Upon further consideration, M's making right move with Mateo

Mariners' pitcher Julio Mateo has been in the headlines for all the wrong reasons this year -- blowing games and allegedly assaulting his wife -- so more than a few eyebrows raised when the M's decided on Wednesday to activate Mateo from the AAA inactive list and allow him to join the Rainiers.

I'll admit: My first reaction when the news of the alleged assault came out was to dump him -- and while we're being honest, it probably had something to do with the fact that he had been a terrible pitcher this year. My second reaction was similar when I found out the Seattle Police Department had been called to his house one week earlier, and that had nothing to do with his ineffectiveness on the mound.

And it was my third reaction when I heard he was activated only after his domestic violence counselor suggested that a return to the workplace might be "beneficial" for Mateo. As if playing baseball were somehow good for him, leading to my next thought: "I wonder what kind of 'beneficial' treatment Mateo's wife has gotten lately ..."

But John McGrath wrote a column in The (Tacoma) News Tribune this morning that got me thinking. His piece doesn't necessarily laud the decision, but it certainly doesn't criticize it, either.

Once I got past my initial righteous indignation -- after all, we always want a head to roll, especially when it's a guy who makes a million bucks to throw a ball while the rest of us slog through our $40,000 a year jobs -- I really started to try and think of Mateo as a person. No, he doesn't have a constiutional right to play professional sports, but the ultimate goal should not be to punish him -- it should be to help him not continue to be a wife beater.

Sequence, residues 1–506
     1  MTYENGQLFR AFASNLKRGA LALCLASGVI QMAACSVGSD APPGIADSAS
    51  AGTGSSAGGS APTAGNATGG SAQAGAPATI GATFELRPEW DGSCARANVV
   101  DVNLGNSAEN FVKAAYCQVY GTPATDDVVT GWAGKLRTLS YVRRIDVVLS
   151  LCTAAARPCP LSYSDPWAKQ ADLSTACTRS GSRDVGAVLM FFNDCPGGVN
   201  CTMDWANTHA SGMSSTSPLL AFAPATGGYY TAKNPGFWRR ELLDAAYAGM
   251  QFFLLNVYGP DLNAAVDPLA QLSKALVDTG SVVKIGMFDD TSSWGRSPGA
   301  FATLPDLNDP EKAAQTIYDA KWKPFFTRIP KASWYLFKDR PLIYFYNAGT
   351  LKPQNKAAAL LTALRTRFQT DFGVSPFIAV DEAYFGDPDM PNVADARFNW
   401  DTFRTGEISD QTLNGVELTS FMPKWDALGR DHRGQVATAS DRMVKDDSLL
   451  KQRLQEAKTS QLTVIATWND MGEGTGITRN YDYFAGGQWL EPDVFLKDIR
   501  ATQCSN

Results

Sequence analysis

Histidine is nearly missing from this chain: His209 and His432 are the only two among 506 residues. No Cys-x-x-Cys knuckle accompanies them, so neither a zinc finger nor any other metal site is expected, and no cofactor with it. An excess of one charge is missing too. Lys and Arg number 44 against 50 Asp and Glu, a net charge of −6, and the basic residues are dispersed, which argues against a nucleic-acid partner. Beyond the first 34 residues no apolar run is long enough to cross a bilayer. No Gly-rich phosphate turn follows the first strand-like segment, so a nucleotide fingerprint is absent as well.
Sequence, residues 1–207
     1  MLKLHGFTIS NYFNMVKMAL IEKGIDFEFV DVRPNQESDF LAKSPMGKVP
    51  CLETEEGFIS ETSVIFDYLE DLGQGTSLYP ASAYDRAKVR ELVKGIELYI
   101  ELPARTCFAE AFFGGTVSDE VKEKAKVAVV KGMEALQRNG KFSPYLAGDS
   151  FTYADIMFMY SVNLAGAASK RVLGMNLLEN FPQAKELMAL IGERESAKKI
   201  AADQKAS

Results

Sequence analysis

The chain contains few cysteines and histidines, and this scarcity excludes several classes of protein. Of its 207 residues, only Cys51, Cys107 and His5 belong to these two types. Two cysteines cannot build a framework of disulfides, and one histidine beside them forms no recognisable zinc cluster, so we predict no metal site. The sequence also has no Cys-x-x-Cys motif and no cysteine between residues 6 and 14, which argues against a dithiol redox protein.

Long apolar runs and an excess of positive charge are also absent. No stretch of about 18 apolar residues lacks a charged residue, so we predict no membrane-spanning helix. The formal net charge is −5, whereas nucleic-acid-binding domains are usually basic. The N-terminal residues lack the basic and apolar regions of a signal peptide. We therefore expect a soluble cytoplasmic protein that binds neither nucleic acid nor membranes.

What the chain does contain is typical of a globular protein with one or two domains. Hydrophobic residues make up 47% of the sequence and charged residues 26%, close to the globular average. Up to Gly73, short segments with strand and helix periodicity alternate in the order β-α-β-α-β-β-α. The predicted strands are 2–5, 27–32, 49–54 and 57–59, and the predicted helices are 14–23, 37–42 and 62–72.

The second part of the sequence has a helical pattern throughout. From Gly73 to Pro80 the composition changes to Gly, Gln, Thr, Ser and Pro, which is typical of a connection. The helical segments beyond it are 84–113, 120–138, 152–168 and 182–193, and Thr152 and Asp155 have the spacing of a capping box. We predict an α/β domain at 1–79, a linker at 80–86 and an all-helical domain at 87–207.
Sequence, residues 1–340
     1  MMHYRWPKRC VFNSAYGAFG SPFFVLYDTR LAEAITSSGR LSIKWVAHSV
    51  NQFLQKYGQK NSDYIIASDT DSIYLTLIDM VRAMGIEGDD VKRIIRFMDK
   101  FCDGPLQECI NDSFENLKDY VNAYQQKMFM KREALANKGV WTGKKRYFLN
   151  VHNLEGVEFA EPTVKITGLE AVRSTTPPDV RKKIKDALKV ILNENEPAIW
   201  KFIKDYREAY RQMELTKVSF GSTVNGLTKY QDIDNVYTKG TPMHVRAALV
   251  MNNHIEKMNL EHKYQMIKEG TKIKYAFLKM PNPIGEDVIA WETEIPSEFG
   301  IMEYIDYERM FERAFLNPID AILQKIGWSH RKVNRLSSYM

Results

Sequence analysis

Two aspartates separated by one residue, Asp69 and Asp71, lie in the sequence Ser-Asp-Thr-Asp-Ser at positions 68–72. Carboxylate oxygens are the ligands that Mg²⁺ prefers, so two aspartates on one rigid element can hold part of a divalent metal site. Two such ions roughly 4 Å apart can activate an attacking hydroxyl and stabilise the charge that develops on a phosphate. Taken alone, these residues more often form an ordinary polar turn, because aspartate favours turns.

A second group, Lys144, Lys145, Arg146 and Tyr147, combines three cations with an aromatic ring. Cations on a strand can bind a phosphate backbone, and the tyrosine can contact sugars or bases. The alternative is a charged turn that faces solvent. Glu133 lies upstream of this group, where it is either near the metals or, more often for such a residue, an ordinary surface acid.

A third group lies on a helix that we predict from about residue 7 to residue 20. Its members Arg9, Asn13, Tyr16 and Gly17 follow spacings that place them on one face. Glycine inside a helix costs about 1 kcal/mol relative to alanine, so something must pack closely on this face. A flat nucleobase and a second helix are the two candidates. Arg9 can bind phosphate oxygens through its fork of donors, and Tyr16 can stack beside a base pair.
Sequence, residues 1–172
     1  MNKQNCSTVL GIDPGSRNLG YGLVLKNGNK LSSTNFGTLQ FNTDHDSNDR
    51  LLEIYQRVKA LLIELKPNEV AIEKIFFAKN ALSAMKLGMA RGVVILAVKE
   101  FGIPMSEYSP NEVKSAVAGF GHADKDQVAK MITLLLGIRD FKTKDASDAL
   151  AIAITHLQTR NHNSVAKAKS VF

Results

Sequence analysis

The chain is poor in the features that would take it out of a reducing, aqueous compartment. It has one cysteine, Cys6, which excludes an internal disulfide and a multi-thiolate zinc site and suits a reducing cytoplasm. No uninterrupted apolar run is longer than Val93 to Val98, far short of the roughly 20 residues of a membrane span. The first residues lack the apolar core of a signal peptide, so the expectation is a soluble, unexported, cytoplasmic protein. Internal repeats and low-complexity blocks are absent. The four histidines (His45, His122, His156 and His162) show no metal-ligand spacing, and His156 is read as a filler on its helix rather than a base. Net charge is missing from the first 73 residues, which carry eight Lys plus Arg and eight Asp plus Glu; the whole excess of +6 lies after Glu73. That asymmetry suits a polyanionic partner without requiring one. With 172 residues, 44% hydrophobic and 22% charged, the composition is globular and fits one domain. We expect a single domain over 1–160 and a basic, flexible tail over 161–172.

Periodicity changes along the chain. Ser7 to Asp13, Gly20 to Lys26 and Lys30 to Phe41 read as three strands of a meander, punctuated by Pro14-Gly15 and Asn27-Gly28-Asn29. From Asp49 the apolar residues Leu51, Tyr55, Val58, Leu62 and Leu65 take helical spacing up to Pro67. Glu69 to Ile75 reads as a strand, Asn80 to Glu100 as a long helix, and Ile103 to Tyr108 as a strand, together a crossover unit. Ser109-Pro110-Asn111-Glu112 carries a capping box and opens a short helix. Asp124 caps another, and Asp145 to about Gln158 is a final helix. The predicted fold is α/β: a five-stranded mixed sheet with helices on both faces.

Does it not make sense, then, that the organization that knows him best and can care for him and help him rehabilitate best should try to do that?

It's not like this guy is getting a free pass. Anyone who's spent any amount of time around minor league baseball knows that even AAA is a far cry from the majors. And it's not like there's anything really in this for the organization; there are a dozen guys just like Mateo out there to be had for a minimal price.

No, the benefit here is the opportunity to forgive -- and potentially change the course of a family. Mateo's got two kids with his wife, and also cares for the five children of his brother, who died in a car accident last year. The impact stretches beyond Mateo.

Ultimately, this might not change anything. Mateo, who promises to make the most of his second chance, might end up right back where he was three weeks ago. If this doesn't work, and he ends up back in a police booking room, they can always cut him then.

But doesn't it make sense to at least try?

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